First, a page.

It was the worst game of his professional career. On the biggest stage of his professional career.
Trevor Lawrence, number 16 for the Jacksonville Jaguars. Golden Boy. Drafted number one overall in the 2021 NFL draft. Destined for greatness. And he was terrible that night.
Here’s how the first quarter went (description courtesy ESPN): “Lawrence played the worst half of football of his NFL or college career in the first half. His first pass was intercepted, and he would go on to throw three more in the half, which made him the third quarterback in the Super Bowl era to throw four interceptions in the first half of a playoff game.” At one point, the number one draft pick had a passer rating of 0.0. The Jaguars were down 27 -7 at halftime with a total of five turnovers. The 70,000-person crowd at TIAA Bank Field was mostly silent.
Lawrence is notoriously cool on the field and off. He’s got the ideal head coach in Doug Pederson, who is experienced and patient and believes in his team. And in their ability to come back.
What happened next is the stuff of legends. Lawrence rallied the Jacksonville Jaguars to a 31-30 victory over the Los Angeles Chargers. Lawrence engineered the winning drive, highlighted by Travis Etienne’s 25-yard run on a fourth-and-1 play, and put the Jaguars in position for Riley Patterson’s 36-yard field goal on the final play. It capped a 27-point comeback, the largest in franchise history and the third largest in playoff history.
Most Jaguars fans watching the first half of the game were dismayed, not just for the team, but for Lawrence personally, who is a likeable and genuine player. Many thought his confidence would be shattered by the terrible first half. “It will be a long and awful off-season for him,” muttered one person watching the game.
But Lawrence and the Jaguars came out and played as though the first half never happened. They looked poised, confident, and tough on both sides of the ball.
Tony Dungy, ESPN commentator and Super Bowl-winning head coach, says that great teams and great coaches don’t make major strategy changes at halftime. Dungy says if you have a solid game plan, you stick to the plan. You may have to execute better, but you don’t need a new plan.
The same goes for business. If you have a bad week, a bad month, a bad quarter, it can be tempting to start making changes – anything to get some momentum going. “Strategy is all well and good, but I need to make a sale.”
You stop working your strategic prospect list and start talking with anyone who will take a meeting. You take on business that you know is outside your core competency. You consider hiring a staff member when your instincts are telling you no.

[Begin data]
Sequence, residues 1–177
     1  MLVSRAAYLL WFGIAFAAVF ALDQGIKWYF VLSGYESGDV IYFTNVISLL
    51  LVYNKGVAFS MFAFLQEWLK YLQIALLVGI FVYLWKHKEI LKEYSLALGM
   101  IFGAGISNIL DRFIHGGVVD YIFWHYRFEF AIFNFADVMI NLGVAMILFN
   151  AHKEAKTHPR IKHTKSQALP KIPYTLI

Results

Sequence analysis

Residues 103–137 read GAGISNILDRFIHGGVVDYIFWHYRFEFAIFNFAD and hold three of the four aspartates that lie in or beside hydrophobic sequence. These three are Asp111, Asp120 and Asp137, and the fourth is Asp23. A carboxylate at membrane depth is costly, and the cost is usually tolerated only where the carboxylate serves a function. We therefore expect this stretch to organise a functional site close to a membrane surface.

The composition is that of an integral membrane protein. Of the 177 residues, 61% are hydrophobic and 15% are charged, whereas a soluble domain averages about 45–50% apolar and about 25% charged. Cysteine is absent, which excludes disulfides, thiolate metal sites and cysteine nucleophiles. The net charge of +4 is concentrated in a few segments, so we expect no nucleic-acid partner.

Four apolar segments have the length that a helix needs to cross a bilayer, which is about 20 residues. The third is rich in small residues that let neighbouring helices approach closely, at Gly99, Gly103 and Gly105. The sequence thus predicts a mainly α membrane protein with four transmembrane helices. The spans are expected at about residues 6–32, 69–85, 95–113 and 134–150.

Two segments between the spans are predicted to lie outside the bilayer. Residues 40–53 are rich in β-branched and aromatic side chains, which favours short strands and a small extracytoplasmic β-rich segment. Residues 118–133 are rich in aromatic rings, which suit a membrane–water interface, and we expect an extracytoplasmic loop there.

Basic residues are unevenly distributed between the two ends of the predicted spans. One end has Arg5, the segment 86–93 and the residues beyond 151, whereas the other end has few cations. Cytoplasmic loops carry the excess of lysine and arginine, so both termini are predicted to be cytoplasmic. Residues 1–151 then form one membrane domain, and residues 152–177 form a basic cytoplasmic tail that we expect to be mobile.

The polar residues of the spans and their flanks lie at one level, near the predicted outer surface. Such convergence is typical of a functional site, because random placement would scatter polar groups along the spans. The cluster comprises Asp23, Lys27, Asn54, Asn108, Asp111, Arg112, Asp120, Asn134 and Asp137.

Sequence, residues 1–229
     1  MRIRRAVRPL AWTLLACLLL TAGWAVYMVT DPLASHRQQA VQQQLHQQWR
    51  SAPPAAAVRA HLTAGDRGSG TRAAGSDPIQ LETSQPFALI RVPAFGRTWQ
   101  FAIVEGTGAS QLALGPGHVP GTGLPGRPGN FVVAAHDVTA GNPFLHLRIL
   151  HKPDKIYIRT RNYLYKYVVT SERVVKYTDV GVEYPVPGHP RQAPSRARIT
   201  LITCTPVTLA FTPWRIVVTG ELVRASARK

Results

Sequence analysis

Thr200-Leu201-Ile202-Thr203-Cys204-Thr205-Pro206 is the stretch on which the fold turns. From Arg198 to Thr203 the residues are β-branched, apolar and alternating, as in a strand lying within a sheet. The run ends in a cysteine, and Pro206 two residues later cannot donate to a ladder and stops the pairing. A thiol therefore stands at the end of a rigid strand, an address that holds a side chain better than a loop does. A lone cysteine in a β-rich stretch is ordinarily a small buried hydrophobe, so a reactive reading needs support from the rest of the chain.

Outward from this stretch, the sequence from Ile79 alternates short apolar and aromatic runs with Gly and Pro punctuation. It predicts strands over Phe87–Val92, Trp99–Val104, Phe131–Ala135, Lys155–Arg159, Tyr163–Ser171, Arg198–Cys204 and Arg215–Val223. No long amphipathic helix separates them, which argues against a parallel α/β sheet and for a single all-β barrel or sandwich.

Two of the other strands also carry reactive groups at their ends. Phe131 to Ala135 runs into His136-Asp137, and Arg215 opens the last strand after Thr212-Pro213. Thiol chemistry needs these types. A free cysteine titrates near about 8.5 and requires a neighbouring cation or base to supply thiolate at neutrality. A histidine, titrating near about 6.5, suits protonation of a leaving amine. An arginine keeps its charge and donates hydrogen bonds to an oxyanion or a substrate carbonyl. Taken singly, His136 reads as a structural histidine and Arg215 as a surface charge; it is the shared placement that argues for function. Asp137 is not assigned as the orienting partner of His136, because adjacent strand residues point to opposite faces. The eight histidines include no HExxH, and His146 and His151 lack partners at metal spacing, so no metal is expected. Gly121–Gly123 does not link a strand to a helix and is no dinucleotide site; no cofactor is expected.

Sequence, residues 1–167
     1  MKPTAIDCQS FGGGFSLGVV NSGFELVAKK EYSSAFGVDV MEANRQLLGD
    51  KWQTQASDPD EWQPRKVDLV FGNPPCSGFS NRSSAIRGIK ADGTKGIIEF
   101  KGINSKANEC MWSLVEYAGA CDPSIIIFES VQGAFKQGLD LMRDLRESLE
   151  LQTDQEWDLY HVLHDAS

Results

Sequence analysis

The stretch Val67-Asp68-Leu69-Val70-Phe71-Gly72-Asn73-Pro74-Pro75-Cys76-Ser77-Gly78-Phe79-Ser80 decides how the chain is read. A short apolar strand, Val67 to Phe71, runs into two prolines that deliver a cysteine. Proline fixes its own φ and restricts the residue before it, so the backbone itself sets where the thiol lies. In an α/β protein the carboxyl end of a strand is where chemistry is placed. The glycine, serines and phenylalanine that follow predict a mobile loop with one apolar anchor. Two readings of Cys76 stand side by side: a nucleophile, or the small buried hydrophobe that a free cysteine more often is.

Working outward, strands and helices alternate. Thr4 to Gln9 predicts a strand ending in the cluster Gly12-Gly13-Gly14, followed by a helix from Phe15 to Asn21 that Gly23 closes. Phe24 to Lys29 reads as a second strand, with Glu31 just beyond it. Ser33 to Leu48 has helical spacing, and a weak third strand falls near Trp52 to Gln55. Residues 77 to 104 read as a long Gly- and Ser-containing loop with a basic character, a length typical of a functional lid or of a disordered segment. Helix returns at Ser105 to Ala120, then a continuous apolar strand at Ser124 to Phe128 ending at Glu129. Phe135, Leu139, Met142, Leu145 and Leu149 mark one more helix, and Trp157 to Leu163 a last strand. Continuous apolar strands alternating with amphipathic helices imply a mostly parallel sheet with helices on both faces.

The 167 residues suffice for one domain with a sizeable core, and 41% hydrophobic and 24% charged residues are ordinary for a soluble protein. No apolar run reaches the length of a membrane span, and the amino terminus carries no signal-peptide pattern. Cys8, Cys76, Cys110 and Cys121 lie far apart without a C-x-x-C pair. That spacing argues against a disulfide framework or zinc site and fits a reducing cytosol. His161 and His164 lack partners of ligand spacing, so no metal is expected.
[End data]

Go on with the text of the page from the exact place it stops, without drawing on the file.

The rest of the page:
In our new book, Relentless: Leading through Performance, Relationships, and the Lessons of Sports, we talk about building excellence in teams by building a process of excellence. Start with a strong and simple “what” your team is trying to accomplish. In football, it might be “win the fourth quarter.” Each part of your team will have a single main focus that, when executed well, will make a difference in the game.
You’ll also need to provide a clear and disciplined process for the team to follow (we had the ‘what,’ so this is the ‘by how.’) In my experience, both in sports and in business, individuals start to fail when they lose focus. A good coach helps each person maintain their focus on the process and holds them accountable for executing the process each day.
Your employees need your strong support to stick to the process. It’s most important when they’re struggling, feeling like they’re losing. When you’re desperate (and the pre-2022 Jacksonville Jaguars know a lot about being desperate), you’re tempted to re-invent the how.
Strong teams develop game plans that make sense, for their skills, for their goals, and based on the market (or game) scenarios. If you trusted that the plan was good at the beginning of the game, then it’s probably still a good strategy. Focus on execution before making changes. There will be time to analyze and learn from what happened after the game.
Postscript: The Jacksonville Jaguars’ season ended on January 21 in Kansas City. But their ability to stick to the game plan under pressure means the 2023 season could be promising.
About the Author:
Rich Thompson, CEO of XPG Recruit, is an expert on staffing, human resources, training and leadership development. He is also a former All-Big Ten football player for the University of Wisconsin. XPG Recruit provides recruiting for staffing companies. The XPG Recruit Athlete division places former athletes into business careers and works closely with universities through its sister company, Podium X.